The limitation of designer knowledge is another reason why collaboration may be necessary. Even in terms of selecting the platform, getting insight from others is crucial. We don’t know what we don’t know. We can’t always see the blind spots or potential problems if we do not have the experience, but others who are more knowledgeable may be able to identify critical issues. I learned this when I encountered the need to use audio editing software. This time I put a call out on social media using #AcademicTwitter and #AcademicChatter requesting advice for a program to use. I received numerous responses and overwhelmingly saw that Audacity would be a good program to use for my needs. I was able to pursue it confidently, knowing so many were able to learn the program and use it to meet their needs, even though I myself had no prior experience. Just searching on my own, it is overwhelming to make a decision with so many options. In the end, even though learning the new program required some time and energy, with a steep learning curve, I was able to persist and accomplish my goals. Keeping in mind the recommendations from so many other scholars, I never questioned whether the choice was right, and I was able to avoid time-consuming explorations into other programs or the kind of self-doubt I might have had about my ability to learn it.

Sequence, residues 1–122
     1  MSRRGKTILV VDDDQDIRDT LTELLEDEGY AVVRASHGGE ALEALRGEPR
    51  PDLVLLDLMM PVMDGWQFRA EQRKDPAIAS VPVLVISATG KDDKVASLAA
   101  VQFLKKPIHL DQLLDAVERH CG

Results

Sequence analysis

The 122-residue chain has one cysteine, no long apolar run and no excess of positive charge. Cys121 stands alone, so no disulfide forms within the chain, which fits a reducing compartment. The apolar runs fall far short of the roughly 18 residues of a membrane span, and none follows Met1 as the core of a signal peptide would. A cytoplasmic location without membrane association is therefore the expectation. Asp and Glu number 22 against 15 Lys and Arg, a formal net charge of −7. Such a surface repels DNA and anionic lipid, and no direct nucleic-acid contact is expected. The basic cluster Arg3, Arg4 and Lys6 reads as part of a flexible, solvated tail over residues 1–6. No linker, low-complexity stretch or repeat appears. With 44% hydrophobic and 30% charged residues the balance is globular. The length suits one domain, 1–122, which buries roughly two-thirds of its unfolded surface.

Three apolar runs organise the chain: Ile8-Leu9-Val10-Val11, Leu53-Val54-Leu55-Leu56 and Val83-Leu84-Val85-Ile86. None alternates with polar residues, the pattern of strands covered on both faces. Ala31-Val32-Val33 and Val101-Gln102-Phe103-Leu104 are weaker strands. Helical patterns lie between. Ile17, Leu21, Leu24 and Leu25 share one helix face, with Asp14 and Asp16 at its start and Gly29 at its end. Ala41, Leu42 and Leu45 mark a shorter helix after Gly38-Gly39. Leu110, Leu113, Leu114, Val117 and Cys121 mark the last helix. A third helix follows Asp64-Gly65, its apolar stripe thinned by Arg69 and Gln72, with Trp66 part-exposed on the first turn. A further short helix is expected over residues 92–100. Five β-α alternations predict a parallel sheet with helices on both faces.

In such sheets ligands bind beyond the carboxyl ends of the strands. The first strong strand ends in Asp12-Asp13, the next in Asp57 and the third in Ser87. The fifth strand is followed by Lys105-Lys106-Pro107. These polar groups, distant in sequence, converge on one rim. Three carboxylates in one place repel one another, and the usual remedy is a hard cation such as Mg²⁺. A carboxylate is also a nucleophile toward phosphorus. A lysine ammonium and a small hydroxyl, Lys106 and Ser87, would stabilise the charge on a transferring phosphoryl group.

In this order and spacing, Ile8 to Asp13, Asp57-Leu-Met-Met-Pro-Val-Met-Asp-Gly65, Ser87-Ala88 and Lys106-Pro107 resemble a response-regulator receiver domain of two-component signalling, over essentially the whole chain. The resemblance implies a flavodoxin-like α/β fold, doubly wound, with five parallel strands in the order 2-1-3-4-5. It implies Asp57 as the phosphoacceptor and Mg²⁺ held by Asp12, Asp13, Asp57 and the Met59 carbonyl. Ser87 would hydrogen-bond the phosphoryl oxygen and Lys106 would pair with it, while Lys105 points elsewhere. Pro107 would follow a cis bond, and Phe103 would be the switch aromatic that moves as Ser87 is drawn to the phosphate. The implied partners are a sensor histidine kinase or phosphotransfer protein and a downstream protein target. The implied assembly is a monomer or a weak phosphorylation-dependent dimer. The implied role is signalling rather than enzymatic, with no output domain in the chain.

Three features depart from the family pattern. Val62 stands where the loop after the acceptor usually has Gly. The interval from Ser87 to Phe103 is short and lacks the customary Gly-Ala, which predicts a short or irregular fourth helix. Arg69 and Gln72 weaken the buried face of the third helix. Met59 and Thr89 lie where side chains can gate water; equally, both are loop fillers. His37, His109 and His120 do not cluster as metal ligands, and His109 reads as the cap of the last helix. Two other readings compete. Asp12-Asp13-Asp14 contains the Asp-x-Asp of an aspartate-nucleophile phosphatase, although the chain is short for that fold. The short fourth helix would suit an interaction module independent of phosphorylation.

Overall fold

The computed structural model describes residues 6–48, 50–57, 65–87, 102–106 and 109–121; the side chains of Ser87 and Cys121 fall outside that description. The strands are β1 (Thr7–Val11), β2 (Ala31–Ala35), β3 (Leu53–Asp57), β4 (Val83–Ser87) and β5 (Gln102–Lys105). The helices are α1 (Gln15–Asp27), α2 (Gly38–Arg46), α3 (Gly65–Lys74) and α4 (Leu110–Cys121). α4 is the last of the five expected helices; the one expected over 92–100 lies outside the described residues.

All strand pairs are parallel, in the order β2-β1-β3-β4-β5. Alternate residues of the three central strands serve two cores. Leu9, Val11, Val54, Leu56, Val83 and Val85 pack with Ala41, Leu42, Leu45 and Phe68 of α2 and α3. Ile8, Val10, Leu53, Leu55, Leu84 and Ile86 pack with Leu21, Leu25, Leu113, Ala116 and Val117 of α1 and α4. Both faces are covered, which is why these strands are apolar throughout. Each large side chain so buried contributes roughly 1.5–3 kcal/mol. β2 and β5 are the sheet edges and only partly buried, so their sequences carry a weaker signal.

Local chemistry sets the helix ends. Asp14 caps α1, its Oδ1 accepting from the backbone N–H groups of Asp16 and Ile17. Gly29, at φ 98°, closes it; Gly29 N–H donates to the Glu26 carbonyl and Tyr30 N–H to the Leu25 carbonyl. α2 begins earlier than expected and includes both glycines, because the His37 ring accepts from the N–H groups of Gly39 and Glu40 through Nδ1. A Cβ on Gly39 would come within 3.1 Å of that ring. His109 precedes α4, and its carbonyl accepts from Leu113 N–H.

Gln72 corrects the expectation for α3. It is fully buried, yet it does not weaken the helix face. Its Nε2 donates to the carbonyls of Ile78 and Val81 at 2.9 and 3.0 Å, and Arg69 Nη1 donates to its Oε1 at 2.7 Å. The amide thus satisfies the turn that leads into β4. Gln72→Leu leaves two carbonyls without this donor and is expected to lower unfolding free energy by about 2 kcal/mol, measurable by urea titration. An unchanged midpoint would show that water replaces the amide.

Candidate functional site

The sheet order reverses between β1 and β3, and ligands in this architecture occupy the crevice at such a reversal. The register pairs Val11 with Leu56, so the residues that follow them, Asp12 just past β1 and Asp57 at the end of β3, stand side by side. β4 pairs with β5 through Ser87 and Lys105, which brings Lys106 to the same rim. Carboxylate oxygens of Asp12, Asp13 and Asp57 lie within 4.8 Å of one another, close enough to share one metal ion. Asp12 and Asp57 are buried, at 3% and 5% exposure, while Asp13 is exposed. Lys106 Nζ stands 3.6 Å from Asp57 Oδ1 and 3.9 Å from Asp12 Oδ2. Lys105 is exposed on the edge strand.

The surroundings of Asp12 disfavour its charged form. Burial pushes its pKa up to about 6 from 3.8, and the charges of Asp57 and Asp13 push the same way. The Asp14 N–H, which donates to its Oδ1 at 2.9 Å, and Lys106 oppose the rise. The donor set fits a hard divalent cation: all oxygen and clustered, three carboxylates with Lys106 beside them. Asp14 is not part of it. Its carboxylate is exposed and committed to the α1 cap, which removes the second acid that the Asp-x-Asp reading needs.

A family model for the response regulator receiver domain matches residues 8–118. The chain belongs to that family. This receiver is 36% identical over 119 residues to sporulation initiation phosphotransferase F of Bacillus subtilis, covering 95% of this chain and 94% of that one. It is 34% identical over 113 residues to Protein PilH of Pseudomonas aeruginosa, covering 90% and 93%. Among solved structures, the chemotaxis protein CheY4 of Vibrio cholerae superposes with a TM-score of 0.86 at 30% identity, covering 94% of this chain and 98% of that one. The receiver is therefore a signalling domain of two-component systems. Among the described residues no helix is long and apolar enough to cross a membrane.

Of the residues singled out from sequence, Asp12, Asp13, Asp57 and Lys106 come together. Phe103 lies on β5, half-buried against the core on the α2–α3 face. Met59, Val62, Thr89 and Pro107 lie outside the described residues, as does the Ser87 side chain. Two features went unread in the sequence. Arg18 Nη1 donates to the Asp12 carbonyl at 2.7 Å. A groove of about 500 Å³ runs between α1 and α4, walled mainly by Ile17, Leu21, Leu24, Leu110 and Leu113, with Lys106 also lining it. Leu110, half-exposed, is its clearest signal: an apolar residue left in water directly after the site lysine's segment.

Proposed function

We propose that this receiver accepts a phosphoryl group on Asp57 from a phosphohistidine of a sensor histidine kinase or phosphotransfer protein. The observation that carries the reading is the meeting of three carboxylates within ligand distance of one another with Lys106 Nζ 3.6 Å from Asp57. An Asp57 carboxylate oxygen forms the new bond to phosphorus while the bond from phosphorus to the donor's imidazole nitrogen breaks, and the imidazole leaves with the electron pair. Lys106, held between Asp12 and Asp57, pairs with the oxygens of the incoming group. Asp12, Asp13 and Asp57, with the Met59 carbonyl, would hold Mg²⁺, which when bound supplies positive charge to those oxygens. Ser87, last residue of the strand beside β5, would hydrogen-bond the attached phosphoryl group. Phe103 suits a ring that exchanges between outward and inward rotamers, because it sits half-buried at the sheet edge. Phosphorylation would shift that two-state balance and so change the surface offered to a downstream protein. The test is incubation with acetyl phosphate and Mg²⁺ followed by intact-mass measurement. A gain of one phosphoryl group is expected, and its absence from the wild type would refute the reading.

Researchers will need to be realistic about their knowledge and expertise when it comes to the digital aspects of their projects. It is necessary to recognize that the production of digital objects is constrained by many factors, including the designers own knowledge and the limitation of the digital platform selected. It is also necessary to recognize that bringing in experts to assist with the digital design components may result in creating outcomes that more closely resemble the designer’s ideal vision, building on the expert’s ability, but this does not come without a cost. These services are an additional consideration for how to spend what are always limited funds, and there is the ongoing issue that even if the services are acquired in the formative stages, if the product ends up being complexly encoded or integrated into specialized systems, then the designer may not have the expertise to take over ongoing maintenance or to make adjustments as the archive grows. It is also important to discuss the project with experts, or at least consult the “hive mind” of one’s extended networks. Even if an expert does not actively assist in the development, these more casual consultations can provide important leads for researchers or may identify potential pitfalls. Researchers should not be naive about the complexity of digital design and should solicit external opinions in the best interest of the project.